The StoryBrand Framework: A Brief Outline

The StoryBrand Framework: A Brief Outline

Our brains LOVE stories. 

From reading to movie-going, we love a good story that captures our attention, pulls us in, and resonates with us so deeply that it evokes emotion.

Think: Marley & Me. 🐾

Stories are a sense-making device that is used primarily by the movie industry to hook your curiosity and generate billions of dollars every year. 

So, when Donald Miller took the story framework that’s been used for centuries, from Aristotle to modern-day Hollywood, and applied the same principles to marketing, customers paid attention and engaged. And the good news is, you can use this same framework in your business! 🚀

At Heights Strategic Marketing, we help businesses like yours leverage the power of story in their marketing to reach their ideal customers and ultimately, get more results, through Donald Miller’s StoryBrand Framework.

What’s the framework exactly?

In this article, we outline a high-level overview of the StoryBrand Framework and highlight a few key areas where you can start implementing it into your business. Let’s get started. 

The StoryBrand Framework: The Cliff Notes

In case it’s been a while since you read “Building a StoryBrand” by Donald Miller,  or you’re new to the StoryBrand concept, here’ is a brief outline’s an overview of how the StoryBrand Framework goes:

“A character > has a problem > who meets a guide > who gives the hero a plan > and calls the hero to action > that results in either > success > or failure.”

👤 Who’s the character? It’s not you, your offer, or your business. It’s your ideal customer and what they ultimately want (“Neighborhood dad who works a 9-5 and wants a beautiful lawn”).

⚠️ What’s the problem? This is the problem that your ideal customer is facing before they know about your service or product. 

Typically, they’re facing an external problem (“My lawn is overgrown. But I don’t have the time to landscape it”), which causes an internal feeling (“I’m embarrassed that my lawn looks like this. I’m so overwhelmed”), which leads to a philosophical belief (“I deserve to have a lawn I’m proud of”)

🧙 Who’s the guide? Your company. You are the one who can help your ideal customer solve their problem (“Save your time and energy, we’re a landscaping company. We want to help you enjoy your lawn”).

📋 What’s the plan? This is how you help your ideal customer solve their problem, whether that’s through a clear process of working with you or the steps to take when using your products (“Give us a call, We’ll cut your grass, Enjoy a lawn you’re proud of”).

Tip: Your plan really shouldn’t be more than three steps. Anything longer might cause your customer to get overwhelmed or confused. Try to simplify the process of working with you or using your products down to three fundamental steps. Typically the first step of your plan is also your Call to Action (see next section!)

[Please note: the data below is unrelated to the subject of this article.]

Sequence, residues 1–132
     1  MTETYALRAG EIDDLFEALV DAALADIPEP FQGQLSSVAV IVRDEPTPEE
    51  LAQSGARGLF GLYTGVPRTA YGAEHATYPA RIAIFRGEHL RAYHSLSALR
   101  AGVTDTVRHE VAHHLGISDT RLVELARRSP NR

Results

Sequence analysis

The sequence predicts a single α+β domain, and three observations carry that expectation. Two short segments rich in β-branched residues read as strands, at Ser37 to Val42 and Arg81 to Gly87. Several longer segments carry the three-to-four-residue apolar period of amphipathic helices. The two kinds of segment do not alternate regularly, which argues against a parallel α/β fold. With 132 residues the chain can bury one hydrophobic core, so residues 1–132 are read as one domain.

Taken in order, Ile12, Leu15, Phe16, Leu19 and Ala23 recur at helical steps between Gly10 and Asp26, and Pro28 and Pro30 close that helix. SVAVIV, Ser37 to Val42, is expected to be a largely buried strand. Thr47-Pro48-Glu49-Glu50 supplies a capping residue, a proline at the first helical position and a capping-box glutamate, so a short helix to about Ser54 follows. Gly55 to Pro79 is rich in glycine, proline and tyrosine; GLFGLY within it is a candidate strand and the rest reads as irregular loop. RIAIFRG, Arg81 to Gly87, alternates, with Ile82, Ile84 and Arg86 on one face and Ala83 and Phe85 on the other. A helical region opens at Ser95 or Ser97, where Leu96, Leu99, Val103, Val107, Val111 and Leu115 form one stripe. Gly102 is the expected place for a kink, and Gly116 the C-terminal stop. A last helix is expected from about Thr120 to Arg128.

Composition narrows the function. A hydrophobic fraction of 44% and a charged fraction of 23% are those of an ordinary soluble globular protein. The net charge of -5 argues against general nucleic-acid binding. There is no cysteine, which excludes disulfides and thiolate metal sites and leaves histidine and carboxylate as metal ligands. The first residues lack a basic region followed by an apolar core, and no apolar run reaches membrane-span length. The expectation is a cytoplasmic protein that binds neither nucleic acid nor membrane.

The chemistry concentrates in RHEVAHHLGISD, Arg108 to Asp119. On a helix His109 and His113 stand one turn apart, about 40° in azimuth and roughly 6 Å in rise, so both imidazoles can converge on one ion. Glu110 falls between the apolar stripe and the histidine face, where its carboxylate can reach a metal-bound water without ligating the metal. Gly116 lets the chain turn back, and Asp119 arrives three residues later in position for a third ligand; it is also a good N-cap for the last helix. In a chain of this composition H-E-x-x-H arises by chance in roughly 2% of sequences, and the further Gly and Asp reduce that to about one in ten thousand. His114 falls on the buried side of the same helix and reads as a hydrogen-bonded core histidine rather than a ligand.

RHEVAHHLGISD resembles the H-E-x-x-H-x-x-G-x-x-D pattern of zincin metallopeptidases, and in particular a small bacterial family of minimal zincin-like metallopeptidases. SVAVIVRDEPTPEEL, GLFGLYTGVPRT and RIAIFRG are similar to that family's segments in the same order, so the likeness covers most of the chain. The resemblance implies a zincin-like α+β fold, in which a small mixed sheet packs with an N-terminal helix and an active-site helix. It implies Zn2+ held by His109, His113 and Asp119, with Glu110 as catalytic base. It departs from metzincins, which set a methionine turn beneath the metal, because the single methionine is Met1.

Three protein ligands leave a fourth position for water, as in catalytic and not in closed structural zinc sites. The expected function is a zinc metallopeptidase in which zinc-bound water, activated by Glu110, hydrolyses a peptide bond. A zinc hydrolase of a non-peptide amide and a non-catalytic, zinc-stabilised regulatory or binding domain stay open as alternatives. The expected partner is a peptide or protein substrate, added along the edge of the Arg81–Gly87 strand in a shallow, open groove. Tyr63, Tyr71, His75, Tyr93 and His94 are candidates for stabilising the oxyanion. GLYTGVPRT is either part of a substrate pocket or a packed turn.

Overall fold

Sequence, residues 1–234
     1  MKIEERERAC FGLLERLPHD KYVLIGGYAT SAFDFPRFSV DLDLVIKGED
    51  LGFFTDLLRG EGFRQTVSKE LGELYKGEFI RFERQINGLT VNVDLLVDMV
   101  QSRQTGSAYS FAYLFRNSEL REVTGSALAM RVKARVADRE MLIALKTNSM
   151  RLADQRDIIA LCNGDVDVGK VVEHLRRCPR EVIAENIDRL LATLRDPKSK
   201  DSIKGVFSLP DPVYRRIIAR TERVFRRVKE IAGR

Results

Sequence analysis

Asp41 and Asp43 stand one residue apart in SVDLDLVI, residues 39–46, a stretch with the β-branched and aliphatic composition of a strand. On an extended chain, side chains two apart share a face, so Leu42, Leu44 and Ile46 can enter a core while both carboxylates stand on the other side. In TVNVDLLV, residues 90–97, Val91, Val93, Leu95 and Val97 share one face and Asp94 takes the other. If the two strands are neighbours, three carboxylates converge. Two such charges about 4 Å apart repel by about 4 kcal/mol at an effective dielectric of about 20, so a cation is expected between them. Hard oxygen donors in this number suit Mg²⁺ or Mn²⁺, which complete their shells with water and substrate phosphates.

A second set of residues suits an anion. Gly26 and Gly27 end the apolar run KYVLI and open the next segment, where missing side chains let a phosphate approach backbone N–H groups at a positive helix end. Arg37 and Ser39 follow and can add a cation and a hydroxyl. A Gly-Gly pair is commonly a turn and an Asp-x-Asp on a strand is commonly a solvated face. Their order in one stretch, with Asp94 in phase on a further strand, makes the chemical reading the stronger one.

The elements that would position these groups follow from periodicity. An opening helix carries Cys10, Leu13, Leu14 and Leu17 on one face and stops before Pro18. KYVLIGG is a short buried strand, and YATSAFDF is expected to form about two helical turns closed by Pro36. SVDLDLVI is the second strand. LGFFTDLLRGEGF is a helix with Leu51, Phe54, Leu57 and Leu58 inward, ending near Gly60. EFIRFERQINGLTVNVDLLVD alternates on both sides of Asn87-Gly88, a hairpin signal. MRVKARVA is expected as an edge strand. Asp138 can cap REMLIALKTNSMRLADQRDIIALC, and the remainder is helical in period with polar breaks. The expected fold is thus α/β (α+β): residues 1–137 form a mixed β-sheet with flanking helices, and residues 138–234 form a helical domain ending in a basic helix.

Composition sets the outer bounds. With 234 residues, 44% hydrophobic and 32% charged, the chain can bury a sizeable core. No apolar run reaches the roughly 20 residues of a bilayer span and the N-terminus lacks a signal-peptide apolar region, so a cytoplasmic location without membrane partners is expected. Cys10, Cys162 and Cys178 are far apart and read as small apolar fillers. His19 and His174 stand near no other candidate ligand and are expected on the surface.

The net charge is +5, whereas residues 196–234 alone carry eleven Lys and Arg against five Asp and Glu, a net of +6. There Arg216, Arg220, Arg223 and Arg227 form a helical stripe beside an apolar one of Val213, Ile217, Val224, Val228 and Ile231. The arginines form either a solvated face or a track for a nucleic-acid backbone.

📣 What’s the call to action? Imagine you’re talking to a crowd of people. What’s the #1 thing you want them to go do after you’re done speaking to them? This is your call to action – the #1 thing you want your ideal customer to do after they’re done reading your website (“Give us a call”).

🌷 What’s the success? This is what your ideal customer experiences after you help them solve their problem. Remember: this story is really all about them. You are just a guide that helps them get to where they want to go (“I have a lawn I’m proud of. I’ve got to invite my neighbors over for an outdoor cookout. My kids are actually playing outside again. I can’t wait to spend the summer out here with them”). 

⛈️ What’s the failure? We don’t like to talk about failure, but when it comes to a story, there has to be something at stake. Otherwise, how will your ideal customer be motivated further to take action? Simply call out a few failures that might happen if they don’t end up doing business with you (“My lawn keeps growing, along with my stress. My family doesn’t have a space outside to enjoy the summer. I wish I could host another neighborhood cookout. My house feels like the odd-one-out on the block”)

Tip: Don’t exaggerate or spend too much time here — we don’t want the story to end “doom and gloom!”

How Does the StoryBrand Framework Translate to Your Marketing?

Once you have a clear story that’s less about you and more about your customers, it’s time to tell the story throughout your marketing.


Here are a few key areas to apply the StoryBrand Framework to your marketing, and set your business apart from the rest.

Key Areas to Use StoryBrand in Your Marketing:

  • Company website 
  • LinkedIn profiles
  • Sales collateral (think: scripts, conversations, and pitch decks)
  • Email marketing
  • Social media
  • Digital advertising
  • Video scripts

Wanna be inspired? ✨ Check out our portfolio for ideas on how you can apply the StoryBrand Framework to your business (and if you want some help, you can always request a call!).

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